The nation’s transplant system broke ground on numerous fronts last year, posting record numbers of organ donations and transplants, increasing donation by minority groups and garnering more organs from living donors, officials said Wednesday.
Deceased donors numbered 9,078, up from 8,596 in 2014. The record-setting total was expected because some of the nation’s organ procurement organizations in recent weeks individually reported banner years.
Breaking the 9,000-donor barrier is significant because of growing transplant waiting lists — about 122,000 were waiting as of Wednesday — and also because the number of donors hovered around 8,000 annually from 2006 to 2013.
The 2015 increase “should be encouraging for people who are waiting,” said Kevin Myer, president and CEO of Texas-based LifeGift.
“We want to be part of that, and we’re doing everything we can to get better,” said Mr. Myer, who had 283 deceased donors last year, four fewer than in 2014. His transplants last year, however, totaled 1,044, up from 1,024 in 2014.
Nationwide last year, the number of deceased donors who were black numbered 1,477, up from 1,338 in 2014; the number who were Hispanic totaled 1,233, up from 1,146; and the number who were Asian totaled 232, up from 212. Increasing donation among minorities long has been a challenge for the transplant system.
The number of living donors totaled 5,984 last year, up from 5,819 in 2014. Living donors most often provide kidneys.
Transplants totaled 30,973, up from 29,533 in 2014.
Organ procurement organizations attributed success to various strategies.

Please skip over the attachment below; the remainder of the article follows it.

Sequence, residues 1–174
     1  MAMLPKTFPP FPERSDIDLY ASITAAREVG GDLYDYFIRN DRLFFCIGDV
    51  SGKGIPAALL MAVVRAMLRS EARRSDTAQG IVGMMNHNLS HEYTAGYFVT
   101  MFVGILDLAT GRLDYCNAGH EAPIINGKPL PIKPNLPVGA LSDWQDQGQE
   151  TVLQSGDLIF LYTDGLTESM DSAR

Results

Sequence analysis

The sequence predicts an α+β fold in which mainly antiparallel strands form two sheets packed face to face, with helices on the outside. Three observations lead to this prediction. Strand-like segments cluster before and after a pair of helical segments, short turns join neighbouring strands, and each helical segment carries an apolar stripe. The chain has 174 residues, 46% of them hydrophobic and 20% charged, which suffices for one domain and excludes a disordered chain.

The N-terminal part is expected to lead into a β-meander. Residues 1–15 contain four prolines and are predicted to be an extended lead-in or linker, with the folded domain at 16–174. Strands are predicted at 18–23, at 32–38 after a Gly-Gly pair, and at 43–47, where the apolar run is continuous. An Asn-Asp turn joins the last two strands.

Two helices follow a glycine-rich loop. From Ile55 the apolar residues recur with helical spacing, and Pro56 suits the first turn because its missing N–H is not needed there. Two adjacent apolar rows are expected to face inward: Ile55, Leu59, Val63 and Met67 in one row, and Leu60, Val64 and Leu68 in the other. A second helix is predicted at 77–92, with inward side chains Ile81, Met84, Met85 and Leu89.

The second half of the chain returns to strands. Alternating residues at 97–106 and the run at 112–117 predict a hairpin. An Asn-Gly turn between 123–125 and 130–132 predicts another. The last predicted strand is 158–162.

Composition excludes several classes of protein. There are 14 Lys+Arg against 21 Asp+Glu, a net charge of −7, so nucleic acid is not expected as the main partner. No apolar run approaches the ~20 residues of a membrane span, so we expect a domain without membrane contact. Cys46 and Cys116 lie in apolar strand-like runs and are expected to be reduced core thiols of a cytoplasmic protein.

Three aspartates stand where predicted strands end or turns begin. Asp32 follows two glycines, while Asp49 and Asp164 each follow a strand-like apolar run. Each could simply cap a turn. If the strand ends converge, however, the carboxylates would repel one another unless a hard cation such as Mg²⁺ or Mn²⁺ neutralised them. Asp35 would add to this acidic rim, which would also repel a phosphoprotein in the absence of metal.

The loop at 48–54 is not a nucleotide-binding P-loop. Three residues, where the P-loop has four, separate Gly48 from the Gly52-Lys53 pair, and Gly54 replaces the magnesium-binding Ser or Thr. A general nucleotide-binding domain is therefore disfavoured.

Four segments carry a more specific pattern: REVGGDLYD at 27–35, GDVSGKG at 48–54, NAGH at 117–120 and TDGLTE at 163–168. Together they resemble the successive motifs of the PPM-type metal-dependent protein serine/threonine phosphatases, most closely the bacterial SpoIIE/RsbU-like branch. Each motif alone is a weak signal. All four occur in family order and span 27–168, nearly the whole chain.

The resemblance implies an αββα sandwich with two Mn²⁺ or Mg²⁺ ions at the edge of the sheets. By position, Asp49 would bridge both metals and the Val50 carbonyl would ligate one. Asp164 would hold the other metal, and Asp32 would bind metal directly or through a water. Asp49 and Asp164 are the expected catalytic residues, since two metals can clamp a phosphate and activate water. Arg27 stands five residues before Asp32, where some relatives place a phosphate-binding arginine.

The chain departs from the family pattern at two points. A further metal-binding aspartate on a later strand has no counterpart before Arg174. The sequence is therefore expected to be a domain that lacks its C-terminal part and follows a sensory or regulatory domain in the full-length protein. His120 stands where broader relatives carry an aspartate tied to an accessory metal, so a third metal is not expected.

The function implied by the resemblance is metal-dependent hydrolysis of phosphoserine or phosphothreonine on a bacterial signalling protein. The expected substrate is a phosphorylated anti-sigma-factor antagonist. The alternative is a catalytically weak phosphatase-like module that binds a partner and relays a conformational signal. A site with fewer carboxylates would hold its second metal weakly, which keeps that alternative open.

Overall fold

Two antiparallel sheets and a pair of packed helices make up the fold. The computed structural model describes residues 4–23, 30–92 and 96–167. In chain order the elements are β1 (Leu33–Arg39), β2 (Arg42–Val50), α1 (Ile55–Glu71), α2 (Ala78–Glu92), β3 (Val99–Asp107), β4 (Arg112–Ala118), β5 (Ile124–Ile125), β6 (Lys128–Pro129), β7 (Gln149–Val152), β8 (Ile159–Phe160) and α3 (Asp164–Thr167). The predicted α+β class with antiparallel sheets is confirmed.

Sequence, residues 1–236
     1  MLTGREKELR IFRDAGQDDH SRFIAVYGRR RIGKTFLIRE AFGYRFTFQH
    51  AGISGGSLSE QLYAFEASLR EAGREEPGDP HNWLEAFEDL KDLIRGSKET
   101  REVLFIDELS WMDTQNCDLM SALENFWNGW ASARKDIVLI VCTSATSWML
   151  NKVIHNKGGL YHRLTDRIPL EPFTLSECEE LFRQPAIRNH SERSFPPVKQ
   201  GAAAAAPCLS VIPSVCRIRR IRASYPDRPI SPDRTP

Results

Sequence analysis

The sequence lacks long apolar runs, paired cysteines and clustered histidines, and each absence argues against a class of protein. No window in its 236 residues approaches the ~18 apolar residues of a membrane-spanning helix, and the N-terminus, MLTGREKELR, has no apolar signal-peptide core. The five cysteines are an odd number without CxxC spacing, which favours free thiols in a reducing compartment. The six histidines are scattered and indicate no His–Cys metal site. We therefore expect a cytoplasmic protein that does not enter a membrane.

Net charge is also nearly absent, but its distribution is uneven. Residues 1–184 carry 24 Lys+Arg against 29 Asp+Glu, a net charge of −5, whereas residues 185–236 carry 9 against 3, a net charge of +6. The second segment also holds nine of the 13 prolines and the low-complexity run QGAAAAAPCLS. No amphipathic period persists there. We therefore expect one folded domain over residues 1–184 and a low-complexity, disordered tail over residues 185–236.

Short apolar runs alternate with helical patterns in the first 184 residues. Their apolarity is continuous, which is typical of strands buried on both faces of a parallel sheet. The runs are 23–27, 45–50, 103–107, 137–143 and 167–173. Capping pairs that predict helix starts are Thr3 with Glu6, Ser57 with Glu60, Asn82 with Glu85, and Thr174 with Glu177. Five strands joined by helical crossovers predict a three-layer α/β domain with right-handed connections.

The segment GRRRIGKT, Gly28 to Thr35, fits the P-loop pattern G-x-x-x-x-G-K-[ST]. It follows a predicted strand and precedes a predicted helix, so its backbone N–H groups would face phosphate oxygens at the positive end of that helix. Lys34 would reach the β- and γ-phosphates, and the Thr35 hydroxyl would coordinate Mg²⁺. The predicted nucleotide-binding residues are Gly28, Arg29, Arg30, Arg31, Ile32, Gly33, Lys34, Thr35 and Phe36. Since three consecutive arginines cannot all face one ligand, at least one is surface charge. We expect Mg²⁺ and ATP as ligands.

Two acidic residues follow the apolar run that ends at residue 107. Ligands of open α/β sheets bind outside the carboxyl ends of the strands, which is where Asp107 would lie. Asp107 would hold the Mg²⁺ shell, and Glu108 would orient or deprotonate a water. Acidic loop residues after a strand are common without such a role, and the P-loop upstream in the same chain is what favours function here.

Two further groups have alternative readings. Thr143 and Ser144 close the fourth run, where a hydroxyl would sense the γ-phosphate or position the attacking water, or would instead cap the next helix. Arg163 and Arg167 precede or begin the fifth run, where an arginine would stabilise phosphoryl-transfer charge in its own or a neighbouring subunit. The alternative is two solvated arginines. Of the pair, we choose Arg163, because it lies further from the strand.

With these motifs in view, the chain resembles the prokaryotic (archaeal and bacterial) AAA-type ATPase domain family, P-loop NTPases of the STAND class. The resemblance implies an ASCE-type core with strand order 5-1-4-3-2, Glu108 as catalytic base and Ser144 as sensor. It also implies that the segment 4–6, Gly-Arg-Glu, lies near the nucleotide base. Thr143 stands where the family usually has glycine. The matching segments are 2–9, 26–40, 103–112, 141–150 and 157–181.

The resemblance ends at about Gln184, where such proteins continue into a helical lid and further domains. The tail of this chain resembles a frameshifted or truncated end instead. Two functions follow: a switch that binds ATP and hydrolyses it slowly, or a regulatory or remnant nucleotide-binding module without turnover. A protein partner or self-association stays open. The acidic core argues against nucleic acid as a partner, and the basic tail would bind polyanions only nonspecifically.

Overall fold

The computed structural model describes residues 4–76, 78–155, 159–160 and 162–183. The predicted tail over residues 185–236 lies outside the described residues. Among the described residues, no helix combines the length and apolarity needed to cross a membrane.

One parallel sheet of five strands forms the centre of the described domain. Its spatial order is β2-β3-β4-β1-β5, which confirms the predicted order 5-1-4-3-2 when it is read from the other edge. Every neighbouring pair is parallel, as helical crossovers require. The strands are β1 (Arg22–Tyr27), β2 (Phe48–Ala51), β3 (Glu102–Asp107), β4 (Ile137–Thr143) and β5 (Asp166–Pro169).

LifeShare Donor Transplant Services of Oklahoma had 174 donors last year, up from 141 in 2014.
Jeffrey Orlowski, president and CEO, said he pursues older donors whose medical conditions may limit the number of recoverable organs.
He does that even though the federal government evaluates organ procurement organizations partly on the basis of how many organs they recover from each donor.
“We just made a conscious decision that we are going to live with that metric, one way or the other,” he said.
The O’Hara-based Center for Organ Recovery and Education had 207 donors last year, up from 200 in 2014. Susan Stuart, president and CEO, attributed the increase partly to improved collaboration with hospitals that refer prospective donors and improved community outreach, including better public perception that donation is part “of the continuum of care and part of end-of-life care.”
State of Washington-based LifeCenter Northwest had 200 deceased donors last year, compared to 197 in 2014.
Most donations occur after brain death. Kevin O'Connor, president and CEO of State of Washington-based LifeCenter Northwest, said his organization’s gains are partly due to efforts to recover organs through a less common practice known as donation after cardiovascular death.
Joe Smydo: firstname.lastname@example.org or 412-263-1548.